Lotto winners sue state

December 11, 1998|By KIMBERLY YAKOWSKI

A Hagerstown couple who won $5.7 million is suing the Maryland State Lottery Agency for withholding $32,140 of their winnings to pay child support that the state of Michigan alleges is owed.

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Harold and Shurl Bussard, of 13021 Cathedral Ave., sought a temporary restraining order and injunction against the state lottery, according to documents filed Monday in Washington County Circuit Court.

That injunction asks that the lottery commission be barred from giving the money to the State of Michigan, where Bussard's ex-wife, Nancy Bussard, lives.

Harold Bussard, 62, and Nancy Bussard were divorced in 1975. They have four children.

Harold and Shurl Bussard said the child support payments were made years ago and that the allegations that money is owed stem from a computer error.


Washington County Circuit Judge W. Kennedy Boone III on Monday granted the request for the restraining order, to be in effect until a hearing on a permanent injunction can be held.

In agreeing to the restraining order, Boone wrote in his order that Harold and Shurl Bussard would be irreparably harmed if the request were not granted because the money would be beyond Washington County Court's jurisdiction if it were transferred to Michigan.

Court papers say Harold and Shurl Bussard won the lottery on Jan. 5, 1995.

They have been receiving $187,050 annually after $81,200 in federal taxes and $21,750 in state taxes are deducted. The installments are to continue for 16 more years.

The Bussards had been receiving the checks since November 1995.

Shurl Bussard said in a telephone interview Wednesday that her husband bought the winning ticket at County Market and realized it was a winner a few days after the drawing.

"I cried and cried," said Shurl Bussard after her husband told her they won.

She said the winnings came at a time when they were experiencing financial difficulties.

The couple was notified in a Nov. 5 letter from Maryland Assistant Attorney General Laura F. Davies Tilley in Baltimore that the lottery was withholding $32,140 as ordered by the State of Michigan, 38th Judicial Circuit, Monroe County.

In response, the Bussards' Hagerstown attorney, G.E. "Chip" Snyder Jr., requested that Tilley not release the money they were withholding to the State of Michigan.

Snyder wrote in a Nov. 18 letter that Harold Bussard had paid the child support to the Department of Social Services of Maryland in an arrangement made in the mid-1970s.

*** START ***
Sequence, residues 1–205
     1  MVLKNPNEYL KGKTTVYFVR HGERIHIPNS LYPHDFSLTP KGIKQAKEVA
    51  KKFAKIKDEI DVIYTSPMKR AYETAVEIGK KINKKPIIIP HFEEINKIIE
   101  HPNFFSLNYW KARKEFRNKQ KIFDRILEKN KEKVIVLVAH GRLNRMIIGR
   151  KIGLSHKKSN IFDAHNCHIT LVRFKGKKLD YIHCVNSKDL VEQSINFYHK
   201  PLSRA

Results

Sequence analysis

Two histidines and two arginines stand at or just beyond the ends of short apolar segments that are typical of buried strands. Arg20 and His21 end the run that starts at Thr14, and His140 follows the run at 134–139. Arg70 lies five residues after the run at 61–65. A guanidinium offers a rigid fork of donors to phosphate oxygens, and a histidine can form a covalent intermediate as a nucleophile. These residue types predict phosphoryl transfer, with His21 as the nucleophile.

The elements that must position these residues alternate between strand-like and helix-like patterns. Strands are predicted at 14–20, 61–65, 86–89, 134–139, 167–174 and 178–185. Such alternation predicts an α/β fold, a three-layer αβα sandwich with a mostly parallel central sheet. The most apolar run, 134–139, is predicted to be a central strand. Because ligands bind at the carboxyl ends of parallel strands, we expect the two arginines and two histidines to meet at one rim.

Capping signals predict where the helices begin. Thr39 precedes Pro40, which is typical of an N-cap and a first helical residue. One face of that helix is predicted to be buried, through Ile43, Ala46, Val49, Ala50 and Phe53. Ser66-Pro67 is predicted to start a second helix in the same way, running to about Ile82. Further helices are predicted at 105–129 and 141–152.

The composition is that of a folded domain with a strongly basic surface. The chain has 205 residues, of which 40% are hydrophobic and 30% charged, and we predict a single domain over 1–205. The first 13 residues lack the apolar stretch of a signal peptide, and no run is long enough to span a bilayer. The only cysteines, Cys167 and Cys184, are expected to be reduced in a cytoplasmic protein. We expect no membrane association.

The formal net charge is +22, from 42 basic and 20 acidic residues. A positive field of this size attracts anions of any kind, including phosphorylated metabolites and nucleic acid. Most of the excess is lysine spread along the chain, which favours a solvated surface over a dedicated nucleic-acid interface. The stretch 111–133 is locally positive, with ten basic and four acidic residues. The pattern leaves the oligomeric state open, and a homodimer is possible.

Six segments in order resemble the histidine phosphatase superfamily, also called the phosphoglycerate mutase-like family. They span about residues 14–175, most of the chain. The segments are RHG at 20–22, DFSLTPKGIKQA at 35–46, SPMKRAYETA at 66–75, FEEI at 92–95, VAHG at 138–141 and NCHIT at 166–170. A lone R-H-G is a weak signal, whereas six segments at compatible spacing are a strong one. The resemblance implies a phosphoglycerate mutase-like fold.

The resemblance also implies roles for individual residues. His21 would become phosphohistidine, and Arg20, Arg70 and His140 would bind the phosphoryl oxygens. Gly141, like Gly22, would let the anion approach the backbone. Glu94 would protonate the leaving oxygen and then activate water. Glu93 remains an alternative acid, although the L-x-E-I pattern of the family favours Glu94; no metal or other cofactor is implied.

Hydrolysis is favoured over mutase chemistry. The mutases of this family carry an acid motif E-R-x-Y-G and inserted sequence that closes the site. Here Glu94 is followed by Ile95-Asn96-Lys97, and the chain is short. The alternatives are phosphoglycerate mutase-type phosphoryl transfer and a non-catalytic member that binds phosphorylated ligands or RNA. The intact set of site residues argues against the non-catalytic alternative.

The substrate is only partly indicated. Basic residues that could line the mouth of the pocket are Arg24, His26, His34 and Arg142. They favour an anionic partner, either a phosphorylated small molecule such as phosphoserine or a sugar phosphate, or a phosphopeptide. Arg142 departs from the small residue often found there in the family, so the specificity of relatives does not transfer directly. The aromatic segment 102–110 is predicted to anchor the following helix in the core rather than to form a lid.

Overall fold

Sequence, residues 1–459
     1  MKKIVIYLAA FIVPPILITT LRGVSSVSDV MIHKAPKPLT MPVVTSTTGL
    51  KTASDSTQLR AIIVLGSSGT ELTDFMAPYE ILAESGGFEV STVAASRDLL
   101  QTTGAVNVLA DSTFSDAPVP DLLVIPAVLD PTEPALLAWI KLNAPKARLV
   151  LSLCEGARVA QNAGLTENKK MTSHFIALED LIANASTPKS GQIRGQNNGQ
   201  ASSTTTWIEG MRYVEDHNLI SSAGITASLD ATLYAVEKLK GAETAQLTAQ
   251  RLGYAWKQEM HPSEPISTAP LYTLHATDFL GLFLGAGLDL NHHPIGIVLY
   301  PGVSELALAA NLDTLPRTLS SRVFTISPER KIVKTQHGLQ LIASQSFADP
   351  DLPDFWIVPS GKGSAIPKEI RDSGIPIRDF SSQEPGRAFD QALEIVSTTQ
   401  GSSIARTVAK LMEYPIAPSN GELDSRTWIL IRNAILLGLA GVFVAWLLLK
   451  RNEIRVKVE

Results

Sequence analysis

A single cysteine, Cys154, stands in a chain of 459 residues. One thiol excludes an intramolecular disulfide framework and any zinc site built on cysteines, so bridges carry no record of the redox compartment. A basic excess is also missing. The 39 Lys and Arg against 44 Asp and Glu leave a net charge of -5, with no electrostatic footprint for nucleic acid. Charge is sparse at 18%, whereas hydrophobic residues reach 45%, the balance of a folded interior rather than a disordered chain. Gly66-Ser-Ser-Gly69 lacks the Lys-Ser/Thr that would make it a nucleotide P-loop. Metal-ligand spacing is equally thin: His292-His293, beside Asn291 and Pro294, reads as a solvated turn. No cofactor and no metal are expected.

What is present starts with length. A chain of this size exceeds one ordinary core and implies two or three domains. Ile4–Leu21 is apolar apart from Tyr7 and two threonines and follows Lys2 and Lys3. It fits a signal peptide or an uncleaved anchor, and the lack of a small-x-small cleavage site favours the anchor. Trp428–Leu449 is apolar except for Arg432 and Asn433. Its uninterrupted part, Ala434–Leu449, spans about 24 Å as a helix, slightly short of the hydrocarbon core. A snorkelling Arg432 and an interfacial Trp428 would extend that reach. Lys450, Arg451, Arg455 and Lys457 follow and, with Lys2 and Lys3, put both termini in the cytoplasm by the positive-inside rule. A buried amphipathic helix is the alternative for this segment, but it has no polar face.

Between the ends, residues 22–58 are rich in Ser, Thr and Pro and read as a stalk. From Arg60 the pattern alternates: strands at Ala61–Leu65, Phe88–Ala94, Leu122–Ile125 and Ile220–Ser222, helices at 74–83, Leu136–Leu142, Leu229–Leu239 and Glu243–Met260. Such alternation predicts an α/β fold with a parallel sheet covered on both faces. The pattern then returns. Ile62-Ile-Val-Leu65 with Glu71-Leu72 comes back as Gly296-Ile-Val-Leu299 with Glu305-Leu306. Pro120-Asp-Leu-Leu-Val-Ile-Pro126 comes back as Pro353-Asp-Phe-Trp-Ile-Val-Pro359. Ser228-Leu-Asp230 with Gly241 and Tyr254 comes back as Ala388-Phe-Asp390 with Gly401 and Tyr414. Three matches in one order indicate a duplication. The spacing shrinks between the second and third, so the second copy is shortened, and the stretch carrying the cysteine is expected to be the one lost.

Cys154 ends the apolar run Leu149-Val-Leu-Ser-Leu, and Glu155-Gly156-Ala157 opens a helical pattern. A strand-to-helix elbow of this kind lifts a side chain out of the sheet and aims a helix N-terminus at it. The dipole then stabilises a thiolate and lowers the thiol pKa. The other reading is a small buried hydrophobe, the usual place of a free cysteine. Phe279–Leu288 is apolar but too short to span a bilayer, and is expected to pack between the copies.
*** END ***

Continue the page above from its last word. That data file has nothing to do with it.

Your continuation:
His payments to the Maryland agency replaced the arrangements with Michigan, he said.

Snyder also said the lottery winnings are the joint property of Harold and Shurl Bussard and therefore can't be used to pay a debt levied against only one of them.

Snyder said he has documentation to support the Bussards' claim that the child support had been paid.

He said he did not know how the State of Michigan found out about the couple's lottery winnings.

Of the $32,140 in question, $12,071 would go to the State of Michigan and $19,490 would be given to Nancy Bussard if it cannot be proved that the child support was paid, said Snyder.

Officials from the State of Michigan, 38th Judicial Court did not return phone calls.

Snyder said that if his client were in arrears some $32,140, Michigan likely would have taken legal action against him.

"If he truly did not pay the money, I think he would have been thrown in the can," he said.

Nancy Bussard, who lives in Michigan, said she doesn't remember whether her ex-husband made all of his monthly payments of approximately $300.

"It was 20 years ago," she said.

She said she has a good relationship with her ex-husband.

"We don't hate each other. We just couldn't live together," she said.

She said she did not notify the State of Michigan about Harold and Shurl's winnings.

"I'm not pushing for this," she said.

Nancy Bussard said she told Harold Bussard that during a recent phone conversation.

"I told him that if I didn't do anything about it then, why would I push for it now?" she said.

She said, however, such a financial windfall would be welcome.

"Thirty-two thousand dollars could help out anybody," she said.

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